Over the past decade or so, David Letterman has become outspokenly liberal, but according to cultural critic Scott Timberg, the seemingly apolitical comedy that Dave did in the 1980s actually hurt the left. Specifically, it served as a sort of opiate which left his audience disinclined to push back against Reaganism.
“For those on the progressive or liberal side of the aisle,” wrote Timberg last Tuesday in Salon, “the irreverent irony ‘Late Night’ brought to the table probably helped neuter the American left…The helpless bemusement behind it certainly became -- for anyone aiming at social or political or economic change -- a dead end.” In Timberg’s telling, laughter, rather than activism, became the “default response” to “the stupid stuff thrown to us by cheap consumerism and the Reagan-Thatcher takeover.”
These days, Timberg opined, “you can see [Letterman’s] sensibility in pernicious figures like the smugly creepy Ted Cruz (who often seems like a bad, misfired Andy Kaufman impersonator) and Sarah Palin…All of Generation X…grew up in the ‘80s and breathed the same air, in which Reagan and Letterman were both cultural fathers.” (Timberg promoted his story by tweeting a link accompanied by the message “David Letterman + Ronald Reagan = Ted Cruz.”)
From Timberg’s piece (bolding added):
“Pac Man Fever” and mullets, Milli Vanilli and Rambo, menacing laugh tracks and Rocky sequels – the ‘80s were a hellish period even if we overlook political nightmares like Reagan selling weapons to Iran, Lee Atwater’s race-baiting and the rise of suspender-clad Wall Street studs who would repeatedly tank the U.S. economy. There may have been another reasonable response to all of this – in other eras, for instance, some of these things may have provoked outrage or morally focused scorn.
But instead, the default response in the 1980s – by a lot of educated urban and suburban folk, at least – was to throw the head back and laugh. And while he didn’t invent it – irony dates back at least as far as classical Greek drama – the man most responsible for the era’s embrace of the ironic smirk, deadpan laugh and self-mocking indifference is about to end his reign on late-night TV. It is surely David Letterman’s greatest legacy…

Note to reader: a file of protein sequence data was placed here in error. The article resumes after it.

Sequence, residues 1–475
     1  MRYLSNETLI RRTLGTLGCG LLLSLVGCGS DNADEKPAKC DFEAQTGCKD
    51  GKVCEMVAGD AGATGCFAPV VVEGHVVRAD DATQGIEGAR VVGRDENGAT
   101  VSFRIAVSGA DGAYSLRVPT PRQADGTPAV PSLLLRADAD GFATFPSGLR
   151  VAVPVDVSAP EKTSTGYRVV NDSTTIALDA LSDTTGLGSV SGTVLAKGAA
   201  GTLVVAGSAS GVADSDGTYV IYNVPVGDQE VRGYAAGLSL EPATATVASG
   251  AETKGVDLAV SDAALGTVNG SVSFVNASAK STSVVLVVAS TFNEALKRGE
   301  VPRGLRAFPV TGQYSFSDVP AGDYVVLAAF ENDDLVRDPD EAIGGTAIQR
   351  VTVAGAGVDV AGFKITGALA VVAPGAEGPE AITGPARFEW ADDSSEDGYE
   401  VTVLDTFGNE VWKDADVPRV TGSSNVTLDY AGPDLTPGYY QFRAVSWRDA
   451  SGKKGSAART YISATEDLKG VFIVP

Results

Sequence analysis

And this is where things get tricky. Thomas Frank has written how “Animal House” (which was set at Dartmouth, breeding ground of felon Dinesh D’Souza and the Dartmouth Review) was not just about a bunch of wild-ass cats like Belushi’s Bluto, but the birth of the coked-up, deregulating bad behavior of the New Right. Letterman, similarly, is not just a funny guy whose show changed the American sense of humor: You can see his sensibility in pernicious figures like the smugly creepy Ted Cruz (who often seems like a bad, misfired Andy Kaufman impersonator) and Sarah Palin (listen to her dismissals of the “lame-stream media”). All of Generation X, wherever across the political spectrum, grew up in the ‘80s and breathed the same air, in which Reagan and Letterman were both cultural fathers.
More important, for those on the progressive or liberal side of the aisle, the irreverent irony “Late Night” brought to the table probably helped neuter the American left – the smirk could easily turn to cynicism and heartlessness. The helpless bemusement behind it certainly became – for anyone aiming at social or political or economic change — a dead end.
Irony’s endgame was best diagnosed by a writer who was, for a while, one of Letterman’s greatest comic inheritors: David Foster Wallace…
…In the end, [Wallace] wrote, Letterman’s brand of dismissive humor led not to real rebellion or thoughtful skepticism but to passivity and corporate consumerism…
…Letterman is stepping down, and he’s made us laugh — a lot — along the way. What else were we supposed to do with all the stupid stuff thrown to us by cheap consumerism and the Reagan-Thatcher takeover? But he did something deeper and more corrosive to us and the body politic, and that will take far longer to unwind.